Triathlon Magazine Canada


Masters Nutrition

- BY PIP TAYLOR Pip Taylor is a sports-performanc­e dietician based in Australia.

SAY YOU’RE AN athlete and you’ve been doing this for a while – quite a while, let’s say. Or you’re new to this tri thing, but you’ve got some life experience behind you. Masters athletes? Mature athletes? Experience­d and wise athletes? Whatever your term of preference, athletic prowess is not limited solely to youth. A cursory glance at any training squad or competitio­n will show you that performanc­e gains, lofty goals, PBs, ripped abs and competitiv­e spirit are very much a part of the higher age brackets, too. Despite this, there is no denying some of the physiologi­cal components of aging, and what implicatio­ns there might be when it comes to nutrition to help support health and performanc­e right through the golden years.

As we age, there are many changes that occur – including cardiovasc­ular, musculoske­letal, thermoregu­latory and neurologic­al ones. These can impact bone density, lean muscle mass retention and body compositio­n, thirst perception, flexibilit­y and strength. If you are returning to activity after a hiatus – then it is likely a good start to first check in with your regular doctor, especially if you have a medical condition or are taking any medication­s that might interfere with hydration, fuelling or even safety while training or racing. The same applies for perennial athletes (of all ages) – get a regular medical check-up. Think of it as another key training session to tick off before the season starts. You’ll also want to check your meds are approved, or that you have the appropriat­e TUEs in place if you are a masters athlete that might be subject to anti-doping rules – some of the most common heart medication­s need authorisat­ion for use under these rules.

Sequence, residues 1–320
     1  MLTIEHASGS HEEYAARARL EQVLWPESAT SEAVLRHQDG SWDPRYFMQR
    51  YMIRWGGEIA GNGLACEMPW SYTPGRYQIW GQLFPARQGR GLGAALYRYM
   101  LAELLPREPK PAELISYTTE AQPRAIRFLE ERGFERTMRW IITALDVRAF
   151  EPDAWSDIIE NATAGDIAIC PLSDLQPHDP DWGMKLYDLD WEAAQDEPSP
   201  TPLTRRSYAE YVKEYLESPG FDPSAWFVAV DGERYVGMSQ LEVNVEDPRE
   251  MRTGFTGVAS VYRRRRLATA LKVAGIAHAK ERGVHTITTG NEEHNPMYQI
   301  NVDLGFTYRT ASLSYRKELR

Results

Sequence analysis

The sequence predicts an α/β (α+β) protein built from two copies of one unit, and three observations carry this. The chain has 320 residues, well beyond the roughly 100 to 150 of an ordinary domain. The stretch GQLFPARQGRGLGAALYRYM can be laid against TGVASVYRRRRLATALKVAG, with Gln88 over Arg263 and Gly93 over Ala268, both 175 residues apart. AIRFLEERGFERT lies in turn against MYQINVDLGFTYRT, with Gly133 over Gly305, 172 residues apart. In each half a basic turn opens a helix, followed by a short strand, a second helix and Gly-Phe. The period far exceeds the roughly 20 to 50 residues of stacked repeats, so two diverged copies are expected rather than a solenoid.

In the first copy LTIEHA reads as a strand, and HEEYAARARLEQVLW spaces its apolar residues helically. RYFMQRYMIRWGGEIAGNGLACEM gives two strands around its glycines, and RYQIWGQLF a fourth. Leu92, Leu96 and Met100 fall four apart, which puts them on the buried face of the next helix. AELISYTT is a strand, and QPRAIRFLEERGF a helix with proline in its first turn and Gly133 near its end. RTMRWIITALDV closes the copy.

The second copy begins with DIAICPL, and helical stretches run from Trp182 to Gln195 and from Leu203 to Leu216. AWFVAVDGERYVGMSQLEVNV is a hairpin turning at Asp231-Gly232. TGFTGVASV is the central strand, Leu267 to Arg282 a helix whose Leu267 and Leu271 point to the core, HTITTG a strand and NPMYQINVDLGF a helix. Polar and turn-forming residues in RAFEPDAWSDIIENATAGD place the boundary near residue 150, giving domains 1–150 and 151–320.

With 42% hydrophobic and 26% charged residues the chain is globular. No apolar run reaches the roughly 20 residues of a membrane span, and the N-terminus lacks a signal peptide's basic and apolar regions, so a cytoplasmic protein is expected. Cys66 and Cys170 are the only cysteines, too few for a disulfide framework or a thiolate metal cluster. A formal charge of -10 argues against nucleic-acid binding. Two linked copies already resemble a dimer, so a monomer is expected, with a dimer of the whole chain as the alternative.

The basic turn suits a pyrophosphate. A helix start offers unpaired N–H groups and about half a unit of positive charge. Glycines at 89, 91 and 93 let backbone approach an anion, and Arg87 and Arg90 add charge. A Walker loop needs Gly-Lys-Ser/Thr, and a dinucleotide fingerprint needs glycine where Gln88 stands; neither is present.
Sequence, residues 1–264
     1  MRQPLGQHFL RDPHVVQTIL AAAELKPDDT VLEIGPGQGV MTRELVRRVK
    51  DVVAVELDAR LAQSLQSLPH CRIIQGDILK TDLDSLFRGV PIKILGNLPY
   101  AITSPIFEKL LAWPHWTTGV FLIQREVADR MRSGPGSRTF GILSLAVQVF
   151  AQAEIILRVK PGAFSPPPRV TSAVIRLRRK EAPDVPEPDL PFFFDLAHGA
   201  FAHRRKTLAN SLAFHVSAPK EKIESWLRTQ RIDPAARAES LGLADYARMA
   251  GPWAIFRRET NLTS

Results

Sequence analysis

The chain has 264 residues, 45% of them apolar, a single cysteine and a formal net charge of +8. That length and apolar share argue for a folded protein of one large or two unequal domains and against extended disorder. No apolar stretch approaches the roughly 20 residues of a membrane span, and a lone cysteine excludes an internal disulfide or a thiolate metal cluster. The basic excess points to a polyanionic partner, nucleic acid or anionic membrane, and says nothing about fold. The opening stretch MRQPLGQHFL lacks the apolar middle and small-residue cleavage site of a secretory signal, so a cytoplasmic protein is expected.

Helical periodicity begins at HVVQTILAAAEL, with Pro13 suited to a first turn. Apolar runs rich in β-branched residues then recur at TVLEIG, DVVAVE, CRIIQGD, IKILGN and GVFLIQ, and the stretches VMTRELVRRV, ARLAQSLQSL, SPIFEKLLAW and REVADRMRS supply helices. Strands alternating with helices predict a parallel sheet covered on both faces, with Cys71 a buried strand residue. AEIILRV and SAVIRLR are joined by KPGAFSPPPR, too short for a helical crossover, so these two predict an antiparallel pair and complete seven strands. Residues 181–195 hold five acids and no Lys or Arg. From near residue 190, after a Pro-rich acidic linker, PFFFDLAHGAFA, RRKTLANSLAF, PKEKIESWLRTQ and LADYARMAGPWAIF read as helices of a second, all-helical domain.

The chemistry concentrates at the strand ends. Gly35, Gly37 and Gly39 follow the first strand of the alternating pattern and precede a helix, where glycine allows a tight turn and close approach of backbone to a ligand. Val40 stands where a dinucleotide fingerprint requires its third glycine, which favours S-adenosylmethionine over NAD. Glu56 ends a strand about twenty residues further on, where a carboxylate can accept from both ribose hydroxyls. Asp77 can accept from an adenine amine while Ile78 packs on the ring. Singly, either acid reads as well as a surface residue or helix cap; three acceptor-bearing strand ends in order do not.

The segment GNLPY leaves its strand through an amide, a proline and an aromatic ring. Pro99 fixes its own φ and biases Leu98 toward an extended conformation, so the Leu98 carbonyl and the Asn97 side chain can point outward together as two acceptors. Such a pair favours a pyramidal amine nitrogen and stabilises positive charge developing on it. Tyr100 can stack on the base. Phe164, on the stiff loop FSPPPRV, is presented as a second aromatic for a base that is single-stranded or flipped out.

With each passing decade, humans gradually lose skeletal muscle – known as sarcopenia. To mitigate or slow these losses, getting enough dietary protein is key. In fact, protein requiremen­ts increase as we age, and the best approach is to spread this intake out over the day. Aim for

20 to 30 g of high quality protein at each meal, plus an additional 10 to

20 g protein at snacks between meals. A good habit is to always follow a training session with a protein-rich recovery meal or snack, like yogurt with nuts, a milk-based smoothie or protein shake, or a couple of eggs on toast.

When it comes to improving muscle strength, maintainin­g lean muscle mass, as well as bone health and density, creatine is a great supplement to consider for masters athletes. As a performanc­e bonus it helps to reduce fatigue in high-intensity, short-duration intervals and may also help support cognitive function.

Aging, disease and some medication­s can all impact the ability to absorb and metabolise nutrients. Calcium and vitamin D are two worth mentioning. Adequate amounts of calcium – found in dairy sources, tofu, chickpeas, sesame seeds, small bones of canned fish – are needed to help protect aging bones and loss of bone minerals, yet research shows that most adults are unlikely to meet calcium requiremen­ts. Older females in particular are at risk, and this is when a supplement may also be warranted.

Similarly, vitamin D should be on our radars. It is a key nutrient for bone growth and mineraliza­tion, immune function support and muscle function. As we age, though, the skin – where most vitamin D is absorbed from the sun – can decrease in absorbing capacity by as much as 50 per cent. For those that live in colder climates, where much of the year sunlight can be reduced or outdoor exposure limited, this poses an even greater challenge. Vitamin D levels should be checked with your doctor.

Another kicker of aging is that our ability to hydrate optimally might be off. Decreased perception of thirst, decreased kidney function, changes in hormones and changes in sweat response may mean decreased voluntary fluid intake during exercise and increased requiremen­ts. A good way to get a handle on individual fluid needs are some simple weigh-ins pre- and post-training and racing. Aim to consume 150 per cent of fluid losses in the couple hours after a workout or race.

Think of these as small challenges, considerat­ions that can be added into your mix of maturity and experience as a competitiv­e advantage. Nothing here should put you off aiming for high-performanc­e training and racing. It’s all about a little extra attention to what’s on your plate, something we could all benefit from no matter what age category we have printed on our bibs.

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